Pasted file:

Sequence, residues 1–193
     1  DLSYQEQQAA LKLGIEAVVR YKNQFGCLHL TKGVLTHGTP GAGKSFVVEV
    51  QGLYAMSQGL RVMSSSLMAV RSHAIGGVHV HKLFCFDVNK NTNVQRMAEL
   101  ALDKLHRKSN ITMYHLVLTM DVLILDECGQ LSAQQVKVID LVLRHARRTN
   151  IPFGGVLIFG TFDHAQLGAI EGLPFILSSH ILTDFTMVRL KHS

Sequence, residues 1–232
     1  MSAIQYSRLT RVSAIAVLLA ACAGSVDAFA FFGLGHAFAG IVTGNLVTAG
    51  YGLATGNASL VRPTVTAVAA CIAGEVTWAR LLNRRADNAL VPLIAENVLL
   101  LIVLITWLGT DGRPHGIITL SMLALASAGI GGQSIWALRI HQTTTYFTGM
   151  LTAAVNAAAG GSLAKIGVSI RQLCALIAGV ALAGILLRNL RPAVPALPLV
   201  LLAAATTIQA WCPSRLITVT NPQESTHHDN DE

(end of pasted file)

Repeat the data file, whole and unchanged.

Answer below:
Sequence, residues 1–193
     1  DLSYQEQQAA LKLGIEAVVR YKNQFGCLHL TKGVLTHGTP GAGKSFVVEV
    51  QGLYAMSQGL RVMSSSLMAV RSHAIGGVHV HKLFCFDVNK NTNVQRMAEL
   101  ALDKLHRKSN ITMYHLVLTM DVLILDECGQ LSAQQVKVID LVLRHARRTN
   151  IPFGGVLIFG TFDHAQLGAI EGLPFILSSH ILTDFTMVRL KHS

Sequence, residues 1–232
     1  MSAIQYSRLT RVSAIAVLLA ACAGSVDAFA FFGLGHAFAG IVTGNLVTAG
    51  YGLATGNASL VRPTVTAVAA CIAGEVTWAR LLNRRADNAL VPLIAENVLL
   101  LIVLITWLGT DGRPHGIITL SMLALASAGI GGQSIWALRI HQTTTYFTGM
   151  LTAAVNAAAG GSLAKIGVSI RQLCALIAGV ALAGILLRNL RPAVPALPLV
   201  LLAAATTIQA WCPSRLITVT NPQESTHHDN DE